Commentary on Hajek et al. (2010): Investigating the stress reduction in smoking cessation
Article first published online: 9 JUL 2010
© 2010 The Authors. Journal compilation © 2010 Society for the Study of Addiction
Volume 105, Issue 8, pages 1472–1473, August 2010
How to Cite
DEMPSEY, J. P. and COHEN, L. M. (2010), Commentary on Hajek et al. (2010): Investigating the stress reduction in smoking cessation. Addiction, 105: 1472–1473. doi: 10.1111/j.1360-0443.2010.03084.x
- Issue published online: 9 JUL 2010
- Article first published online: 9 JUL 2010
As detailed by Hajek, Taylor, and McRobbie , smokers report that stress relief is a fundamental reason for continued use of tobacco. In this study, stress levels were measured a year apart in order to investigate how this construct changed among smokers who successfully quit compared to those who relapsed. This is a particularly important area to investigate as many smokers believe and report that smoking cigarettes alleviates stress. Hajek and colleagues present a novel approach to better understanding this phenomenon. The investigation clearly adds to our understanding of this relationship and provides several areas for future research, most notably with respect to studying additional populations and employing more rigorous measurement of the construct of stress.
Hajek and colleagues used two groups to test their hypothesis: Individuals recently hospitalized for a myocardial infarction (MI) and those presenting to the hospital for scheduled coronary artery bypass surgery (CB). These groups are well suited to study the smoking-stress relationship as abstinence rates are quite high in these groups. However, future research in this area would benefit from the study of additional populations. Specifically, some may argue that MI patients show an atypical stress response due to their cardiac event as evidenced by greater cortisol secretion, higher evening cortisol levels and a flattened diurnal slope . Further, it is possible that the planned-surgery group (CB) may have experienced anticipatory anxiety as a result of their impending surgery, which has been documented to increase cortisol levels 25–100% . Future studies should examine groups who have not recently experienced a traumatic or life-threatening event that may have precipitated smoking cessation. Such studies are necessary as it is possible that participants who took part in the study by Hajek and colleagues experienced stress levels that were artificially elevated due to the traumatic event (MI/CB) at the time of the first assessment. Given this circumstance, it seems logical that follow-up assessment one year later would show lower levels of stress, not necessarily due to smoking cessation, but rather from an improved overall health status. This may be particularly helpful with regard to the MI group, as those experiencing MI have been shown to have disproportionately high levels of post-traumatic stress (10–15% prevalence, [4–6]), which is a well-documented risk factor for smoking relapse . Ruling out this rival hypothesis would significantly enhance the findings reported by Hajek and colleagues.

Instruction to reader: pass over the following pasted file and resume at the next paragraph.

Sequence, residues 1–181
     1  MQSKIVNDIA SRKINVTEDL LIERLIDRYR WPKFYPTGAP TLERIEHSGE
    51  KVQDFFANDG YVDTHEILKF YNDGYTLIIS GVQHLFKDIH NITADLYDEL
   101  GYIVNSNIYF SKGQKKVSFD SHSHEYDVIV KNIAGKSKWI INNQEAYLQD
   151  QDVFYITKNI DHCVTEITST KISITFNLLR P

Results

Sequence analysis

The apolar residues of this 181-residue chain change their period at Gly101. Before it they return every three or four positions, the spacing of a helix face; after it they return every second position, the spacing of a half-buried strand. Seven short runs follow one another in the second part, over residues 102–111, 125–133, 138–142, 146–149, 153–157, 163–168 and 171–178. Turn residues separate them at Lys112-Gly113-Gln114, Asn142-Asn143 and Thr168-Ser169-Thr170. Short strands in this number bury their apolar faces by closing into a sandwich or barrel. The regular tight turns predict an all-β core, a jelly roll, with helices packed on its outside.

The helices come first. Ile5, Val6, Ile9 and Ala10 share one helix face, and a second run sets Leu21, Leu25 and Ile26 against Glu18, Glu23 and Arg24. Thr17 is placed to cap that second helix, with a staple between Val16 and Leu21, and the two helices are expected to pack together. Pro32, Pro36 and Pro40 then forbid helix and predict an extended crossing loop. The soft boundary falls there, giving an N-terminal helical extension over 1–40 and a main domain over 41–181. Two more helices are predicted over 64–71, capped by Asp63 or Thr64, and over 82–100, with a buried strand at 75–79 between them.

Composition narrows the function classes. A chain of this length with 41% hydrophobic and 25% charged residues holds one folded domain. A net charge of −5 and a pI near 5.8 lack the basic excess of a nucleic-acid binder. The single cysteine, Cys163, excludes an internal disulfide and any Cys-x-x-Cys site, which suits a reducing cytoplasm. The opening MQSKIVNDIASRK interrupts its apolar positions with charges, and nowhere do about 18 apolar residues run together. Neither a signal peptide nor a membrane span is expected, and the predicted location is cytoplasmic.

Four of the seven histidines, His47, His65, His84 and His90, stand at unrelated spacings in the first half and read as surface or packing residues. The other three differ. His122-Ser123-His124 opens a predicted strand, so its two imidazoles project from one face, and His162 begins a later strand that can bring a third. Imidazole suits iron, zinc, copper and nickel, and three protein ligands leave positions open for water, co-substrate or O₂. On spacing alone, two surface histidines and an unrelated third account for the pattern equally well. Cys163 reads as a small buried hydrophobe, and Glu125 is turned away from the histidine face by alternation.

Psychosocial Stress Assessment
As mentioned above, the authors were able to document a statistically significant reduction in stress levels using a brief measure of stress. Future work may benefit from including more specific components related to the construct of stress to determine if global ‘stress’ drives the observed relationship or if a more specific factor of stress is at play. This is critical as Herbert and Cohen  surveyed the field of psychosocial stress assessment and noted several important variables directly related to the construct of stress, including intensity and frequency. According to this review, Herbert and Cohen state that intensity and frequency are not necessarily correlated and may actually be two discrete components. Further, their review of psychosocial stress assessment provided numerous factors that may be beneficial to future studies examining the smoking-stress relationship. These factors can be summarized into three primary categories: a) environment demands, b) psychological appraisal, and c) emotional response. It is important to note, however, that Hajek and colleagues were able to document a decreased stress response with a single-item measure of stress, indicating that this relationship may be particularly robust. In fact, past work suggests that increasing the number of assessment items is likely to increase variance , sensitivity, specificity , as well as our ability to predict future behavior [e.g. 11, 12]. Future work, using a more detailed assessment of stress, is likely to significantly enhance our understanding of self-medication of stress through smoking.
Declaration of interests
- 8Measurement issues in research on psychological stress. In: KaplanH. B., editor. Psychosocial Stress: Perspectives On Structure, Theory, Life-Course, And Methods. San Diego: Academic Press; 1996.,
- 11Medical Problem Solving: An Analysis Of Clinical Reasoning. Cambridge, MA: Harvard University Press; 1978., ,